`If there's any doubt about the matter, he is,' returned the doctor. `A man who has
been three years biting his nails on a desert island, Jim, can't expect to appear as sane
as you or me. It doesn't lie in human nature. Was it cheese you said he had a fancy for?'

`Yes, sir, cheese,' I answered.

`Well, Jim,' says he, `just see the good that comes of being dainty in your food.
You've seen my snuff- box, haven't you? And you never saw me take snuff; the reason being
that in my snuff-box I carry a piece of Parmesan cheese - a cheese made in Italy, very
nutritious. Well, that's for Ben Gunn!'

Before supper was eaten we buried old Tom in the sand and stood round him for a while
bareheaded in the breeze. A good deal of firewood had been got in, but not enough for the
captain's fancy; and he shook his head over it, and told us we `must get back to this
to-morrow rather livelier.' Then when we had eaten our pork, and each had a good stiff
glass of brandy grog, the three chiefs got together in a corner to discuss our prospects.

It appears they were at their wits' end what to do, the store being so low that we must
have been starved into surrender long before help came. But our best hope, it was decided,
was to kill off the buccaneers until they either hauled down their flag or ran away with
the Hispaniola. From nineteen they were already reduced to fifteen, two others were
wounded, and one at least - the man shot beside the gun - severely wounded if he were not
dead. Every time we had a crack at them, we were to take it, saving our own lives, with
the extremest care. And, besides that, we had two able allies - rum and the climate.

As for the first, though we were about half a mile away, we could hear them roaring and
singing late into the night; and as for the second, the doctor staked his wig that, camped
where they were in the marsh, and unprovided with remedies, the half of them would be on
their backs before a week.

`So,' he added, `if we are not all shot down first they'll be glad to be packing in the
schooner. It's always a ship, and they can get to buccaneering again, I suppose.'

`First ship that ever I lost,' said Captain Smollett.

I was dead tired, as you may fancy; and when I got to sleep which was not till after a
great deal of tossing, I slept like log of wood.

The rest had long been up, and had already breakfasted and increased the pile of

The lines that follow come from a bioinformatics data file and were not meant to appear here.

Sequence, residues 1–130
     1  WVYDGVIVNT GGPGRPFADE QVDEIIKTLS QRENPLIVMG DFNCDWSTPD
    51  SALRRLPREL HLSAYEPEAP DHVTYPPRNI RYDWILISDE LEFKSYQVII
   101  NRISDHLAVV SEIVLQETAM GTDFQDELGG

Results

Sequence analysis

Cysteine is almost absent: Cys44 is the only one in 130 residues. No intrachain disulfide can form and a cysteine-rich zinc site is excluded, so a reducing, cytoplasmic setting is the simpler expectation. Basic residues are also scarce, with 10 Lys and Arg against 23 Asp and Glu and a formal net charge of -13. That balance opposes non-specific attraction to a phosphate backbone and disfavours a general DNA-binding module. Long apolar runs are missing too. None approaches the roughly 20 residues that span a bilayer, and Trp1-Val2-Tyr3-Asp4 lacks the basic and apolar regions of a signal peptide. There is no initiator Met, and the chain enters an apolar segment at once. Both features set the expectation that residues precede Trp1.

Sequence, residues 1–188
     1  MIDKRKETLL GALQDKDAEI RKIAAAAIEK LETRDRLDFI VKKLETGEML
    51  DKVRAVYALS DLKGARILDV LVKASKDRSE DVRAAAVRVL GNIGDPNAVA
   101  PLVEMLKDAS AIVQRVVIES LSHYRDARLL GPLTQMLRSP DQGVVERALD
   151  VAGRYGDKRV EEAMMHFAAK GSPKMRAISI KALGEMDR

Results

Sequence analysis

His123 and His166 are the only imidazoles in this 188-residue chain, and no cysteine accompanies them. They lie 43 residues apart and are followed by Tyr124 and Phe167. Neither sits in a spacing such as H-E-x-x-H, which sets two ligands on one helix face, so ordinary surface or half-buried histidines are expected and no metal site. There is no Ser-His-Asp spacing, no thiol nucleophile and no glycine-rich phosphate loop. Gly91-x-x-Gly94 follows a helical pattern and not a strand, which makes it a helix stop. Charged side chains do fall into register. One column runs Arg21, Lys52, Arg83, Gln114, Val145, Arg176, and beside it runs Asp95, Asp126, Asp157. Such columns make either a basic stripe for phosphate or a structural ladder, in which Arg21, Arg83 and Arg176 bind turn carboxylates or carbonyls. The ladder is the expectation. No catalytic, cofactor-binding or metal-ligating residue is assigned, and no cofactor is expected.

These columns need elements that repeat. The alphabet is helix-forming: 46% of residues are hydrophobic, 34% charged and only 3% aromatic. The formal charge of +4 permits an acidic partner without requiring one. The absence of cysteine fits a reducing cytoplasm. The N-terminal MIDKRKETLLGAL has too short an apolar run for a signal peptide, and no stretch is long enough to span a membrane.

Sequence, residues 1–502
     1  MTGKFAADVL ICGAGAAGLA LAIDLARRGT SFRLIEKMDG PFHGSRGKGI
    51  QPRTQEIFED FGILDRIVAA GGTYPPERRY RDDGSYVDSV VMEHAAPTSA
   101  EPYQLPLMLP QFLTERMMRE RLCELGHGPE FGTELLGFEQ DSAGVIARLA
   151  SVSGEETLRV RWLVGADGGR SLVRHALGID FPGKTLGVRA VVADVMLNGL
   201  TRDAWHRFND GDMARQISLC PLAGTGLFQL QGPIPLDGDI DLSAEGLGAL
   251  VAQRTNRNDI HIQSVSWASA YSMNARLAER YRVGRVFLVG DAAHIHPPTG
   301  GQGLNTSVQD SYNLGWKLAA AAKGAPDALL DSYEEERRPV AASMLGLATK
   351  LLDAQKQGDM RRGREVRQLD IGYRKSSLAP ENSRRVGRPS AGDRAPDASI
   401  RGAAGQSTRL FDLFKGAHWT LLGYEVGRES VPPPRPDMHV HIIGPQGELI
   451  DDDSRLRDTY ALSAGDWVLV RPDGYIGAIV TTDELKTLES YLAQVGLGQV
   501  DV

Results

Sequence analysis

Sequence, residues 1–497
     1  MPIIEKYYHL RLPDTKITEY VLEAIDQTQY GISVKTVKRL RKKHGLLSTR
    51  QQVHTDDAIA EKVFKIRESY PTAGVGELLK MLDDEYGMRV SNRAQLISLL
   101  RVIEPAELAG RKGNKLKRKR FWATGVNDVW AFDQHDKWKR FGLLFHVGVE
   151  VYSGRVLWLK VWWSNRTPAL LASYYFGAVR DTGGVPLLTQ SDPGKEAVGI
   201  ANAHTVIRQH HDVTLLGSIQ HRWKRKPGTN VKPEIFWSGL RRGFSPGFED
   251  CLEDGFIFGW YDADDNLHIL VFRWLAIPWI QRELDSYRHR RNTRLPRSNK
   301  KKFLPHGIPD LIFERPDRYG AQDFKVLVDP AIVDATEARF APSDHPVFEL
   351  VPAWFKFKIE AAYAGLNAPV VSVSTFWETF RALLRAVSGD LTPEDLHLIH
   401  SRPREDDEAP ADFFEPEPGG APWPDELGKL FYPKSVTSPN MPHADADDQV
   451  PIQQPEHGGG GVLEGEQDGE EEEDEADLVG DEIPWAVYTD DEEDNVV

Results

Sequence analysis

firewood by about half as much again, when I was wakened by a bustle and the sound of

`Flag of truce!' I heard someone say; and then, immediately after, with a cry of
surprise, `Silver himself!'

And, at that, up I jumped, and, rubbing my eyes, ran to a loophole in the wall.

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More on This Book:
  1. Treasure Island: Chapter XXXIV
  2. Treasure Island: Chapter XXXIII
  3. Treasure Island: Chapter XXXII
  4. Treasure Island: Chapter XXXI
  5. Treasure Island: Chapter XXX
  6. Treasure Island: Chapter XXIX
  7. Treasure Island: Chapter XXVIII
  8. Treasure Island: Chapter XXVII
  9. Treasure Island: Chapter XXVI
  10. Treasure Island: Chapter XXV
  11. Treasure Island: Chapter XXIII
  12. Treasure Island: Chapter XXII
  13. Treasure Island: Chapter XXI
  14. Treasure Island: Chapter XX
  15. Treasure Island: Chapter XVIII
  16. Treasure Island: Chapter XVII
  17. Treasure Island: Chapter XVI
  18. Treasure Island: Chapter XV
  19. Treasure Island: Chapter XIV
  20. Treasure Island: Chapter XIII
  21. Treasure Island: Chapter XI
  22. Treasure Island: Chapter X
  23. Treasure Island: Chapter IX
  24. Treasure Island: Chapter VIII
  25. Treasure Island: Chapter VII
  26. Treasure Island: Chapter VI
  27. Treasure Island: Chapter V
  28. Treasure Island: Chapter IV
  29. Treasure Island: Chapter II
  30. Treasure Island: Chapter III
  31. Treasure Island: Chapter I
  32. Treasure Island: Chapter XII
  33. Treasure Island: Chapter XXIV